Imported from Japan by Fender during the late 1980s, this guitar does a number of things very well, and at a bargain price. You should be able to find them used for less than $400, making them Gigmeister worthy.

Fender has made instruments overseas for many years now. The Heartfield line came about when the company wanted to try different ideas for instruments and market them under a different name. The Heartfield line included several guitars and basses, all incorporating decidedly un-Fender-like approaches to create several guitars. The RR, which certainly means rock and roll, looks like a cross between Paul Chandlers 555 and the G&L SC-3, with a bit of Les Paul Jr. thrown in. These "Made In Japan" instruments used top-quality components, including the Strat American Standard tremolo bridge, Gotoh tuners and a very unusual electronics package more about that later. The 22-fret neck joins the fingerboard in an unusual four-bolt pattern nearly identical to Ibanezs All Access Joint. The tapered headstock employs three-on-a-side tuners, while the headstock angle is so sharp it requires a volute, a la 70s-era Gibsons. The rosewood fingerboard has a flatter radius, like an 80s Charvel/Jackson, with more rounded fretwire. The neck shape is large and round, and feels quite nice, especially for players with larger hands.

Cosmetically, the RR is an eye-catching instrument, to say the least. This months feature is a bright yellow color with small glitter sparkles. It looks bright under any conditions, but especially under intense stage lights. The white mother of toilet seat pickguard looks neat and is cut in an unusual shape. The alder(?) body has a slight dressed away area for the right forearm, owing to its Fender heritage. The rest of the body is more like a Telecaster. Its not bad, but its not going to win any ergonomics awards.

One of the reasons players like the Telecaster or Les Paul Jr. is the lack of knobs. The Heartfield design team understood this and supplied the RR with a volume, tone and three lighted switches. Yes, the RR has active electronics, but they aren't difficult to figure out. The three raised rubber buttons each have an LED above them indicating which position is on. They give 1. single coil, 2. dual coil and 3. dual coil with distortion boost. Incidentally, the 9 volt battery has its own compartment, just ahead of the back plate for input jack, potentiometers, etc. The tone knob works on all three positions and the control knobs are identical to those used on the HM Strat series. Nice and comfy.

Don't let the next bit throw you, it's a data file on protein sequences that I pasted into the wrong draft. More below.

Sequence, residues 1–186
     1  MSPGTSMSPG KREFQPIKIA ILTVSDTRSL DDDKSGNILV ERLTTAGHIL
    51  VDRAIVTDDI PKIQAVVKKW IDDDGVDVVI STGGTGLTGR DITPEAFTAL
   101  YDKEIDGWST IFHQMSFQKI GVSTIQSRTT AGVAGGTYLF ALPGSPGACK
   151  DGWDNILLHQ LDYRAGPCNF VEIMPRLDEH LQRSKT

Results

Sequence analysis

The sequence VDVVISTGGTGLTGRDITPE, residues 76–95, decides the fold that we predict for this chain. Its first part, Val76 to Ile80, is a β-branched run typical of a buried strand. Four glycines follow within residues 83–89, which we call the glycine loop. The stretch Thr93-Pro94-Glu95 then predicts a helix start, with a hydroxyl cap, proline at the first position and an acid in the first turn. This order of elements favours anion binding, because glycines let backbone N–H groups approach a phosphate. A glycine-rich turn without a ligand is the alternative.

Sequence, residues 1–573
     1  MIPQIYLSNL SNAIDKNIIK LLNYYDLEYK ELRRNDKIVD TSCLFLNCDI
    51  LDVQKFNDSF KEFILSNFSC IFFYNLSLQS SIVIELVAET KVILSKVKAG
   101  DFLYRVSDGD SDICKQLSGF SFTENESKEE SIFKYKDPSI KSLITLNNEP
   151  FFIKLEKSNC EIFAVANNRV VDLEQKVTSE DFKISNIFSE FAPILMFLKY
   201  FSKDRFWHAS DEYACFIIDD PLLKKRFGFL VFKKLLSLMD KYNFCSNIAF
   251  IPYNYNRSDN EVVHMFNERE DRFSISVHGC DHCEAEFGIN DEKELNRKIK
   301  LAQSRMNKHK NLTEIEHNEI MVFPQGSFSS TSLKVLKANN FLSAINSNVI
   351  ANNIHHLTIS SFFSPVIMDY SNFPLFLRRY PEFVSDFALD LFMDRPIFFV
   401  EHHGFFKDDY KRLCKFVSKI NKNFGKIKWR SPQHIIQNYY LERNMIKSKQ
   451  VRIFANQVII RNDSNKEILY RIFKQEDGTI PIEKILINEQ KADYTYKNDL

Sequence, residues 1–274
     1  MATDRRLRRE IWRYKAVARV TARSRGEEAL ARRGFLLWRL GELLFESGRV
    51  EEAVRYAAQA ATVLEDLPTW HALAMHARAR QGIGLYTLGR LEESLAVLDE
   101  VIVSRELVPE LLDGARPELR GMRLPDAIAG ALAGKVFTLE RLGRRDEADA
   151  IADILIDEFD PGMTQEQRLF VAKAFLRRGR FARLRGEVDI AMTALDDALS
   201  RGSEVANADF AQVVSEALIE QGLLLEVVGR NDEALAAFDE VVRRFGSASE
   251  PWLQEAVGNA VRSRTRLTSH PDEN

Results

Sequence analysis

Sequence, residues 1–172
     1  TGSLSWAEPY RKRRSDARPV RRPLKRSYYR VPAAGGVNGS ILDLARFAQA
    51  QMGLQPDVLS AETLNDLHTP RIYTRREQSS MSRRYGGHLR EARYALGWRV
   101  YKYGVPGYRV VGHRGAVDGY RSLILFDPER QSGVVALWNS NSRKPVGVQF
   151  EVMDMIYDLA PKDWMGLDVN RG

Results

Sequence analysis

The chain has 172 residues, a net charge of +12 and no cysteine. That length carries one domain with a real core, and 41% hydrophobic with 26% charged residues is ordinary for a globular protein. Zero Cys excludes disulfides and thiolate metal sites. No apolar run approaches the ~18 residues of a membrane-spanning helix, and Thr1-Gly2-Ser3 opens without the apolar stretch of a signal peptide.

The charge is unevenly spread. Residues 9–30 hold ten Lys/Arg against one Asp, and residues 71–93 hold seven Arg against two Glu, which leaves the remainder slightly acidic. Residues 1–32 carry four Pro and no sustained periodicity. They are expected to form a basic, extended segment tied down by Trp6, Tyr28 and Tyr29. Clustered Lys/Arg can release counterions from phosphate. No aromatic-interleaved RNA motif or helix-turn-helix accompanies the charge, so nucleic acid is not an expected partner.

The final arbiter is sound, and lets get one thing clear this ain't a jazz box! This guitar is happiest when cranked into a loud, noisy amp. Even with a clean setting on my amp, I could hear distinct differences between the single and dual-coil modes. Its nice having the ability to change tones by pressing a button. If you have any experience at all with a TV remote, you'll enjoy this feature. The distortion isn't bad, either. With my Peavey Bandit set up for a clean, flat tone, the dirty setting reminded me of Cream-era Clapton, especially the live Crossroads tone. Roll the tone knob back to 1, and you get instant Swlabr or Spirit in the Sky! Its quick and handier than cranking a 100-watt Marshall to 10. Just like a stack on 10, setting three is noisy. It also sounds a bit compressed, not a problem for many players. The locking Gotoh tuners and tremolo system should stay in tune for most players. If you're gonna use the RR for slide, I would suggest heavier strings and higher action. The cutaway allows easy access to all 22 frets on the treble side and 18 on the bass side with a slide in hand. The volume and tone knobs are close and easy to manipulate, due to their larger physical size. With moderate amp distortion, the RR becomes louder and meaner. Setting one cuts through like a good Strat or Tele back pickup, while setting two sounds like a DiMarzio Super Distortion pickup. Setting three compresses the sound a bit, creating a super-saturated sound like Eruption or perhaps a Soldano wound too tight. I would prefer to use this setting while recording, as its a bit too hard to control live.

What's not to like about the RR? It's a one-trick pony back pickup or nothing. I'm not fond of active electronics on guitars, and this instruments settings are a little harsh, especially settings 1 and 2. While the humbucking pickup is a standard size, replacing it and getting it to interface with the onboard IC is another matter. This is a specialized guitar, and as such, won't appeal to vast numbers of people. It won't play mellow and really isn't happy unless it's given wide open spaces to romp in. However, if you're a dedicated rock or slide player, you might find the Heartfield RR just what you've been looking for."

"Yellow Sparkle" Heartfield RR9



Jan 4th, 2013 01:55 PM   Edit   Profile   Print Topic   Search Topic

Jim Bob, Heartfield never made any acoustics- only solidbody electris and basses. I think you have them confused with another brand perhaps??

FDP Forum / All Other Fender Guitars and Instruments / Any Heartfield Fans Out There?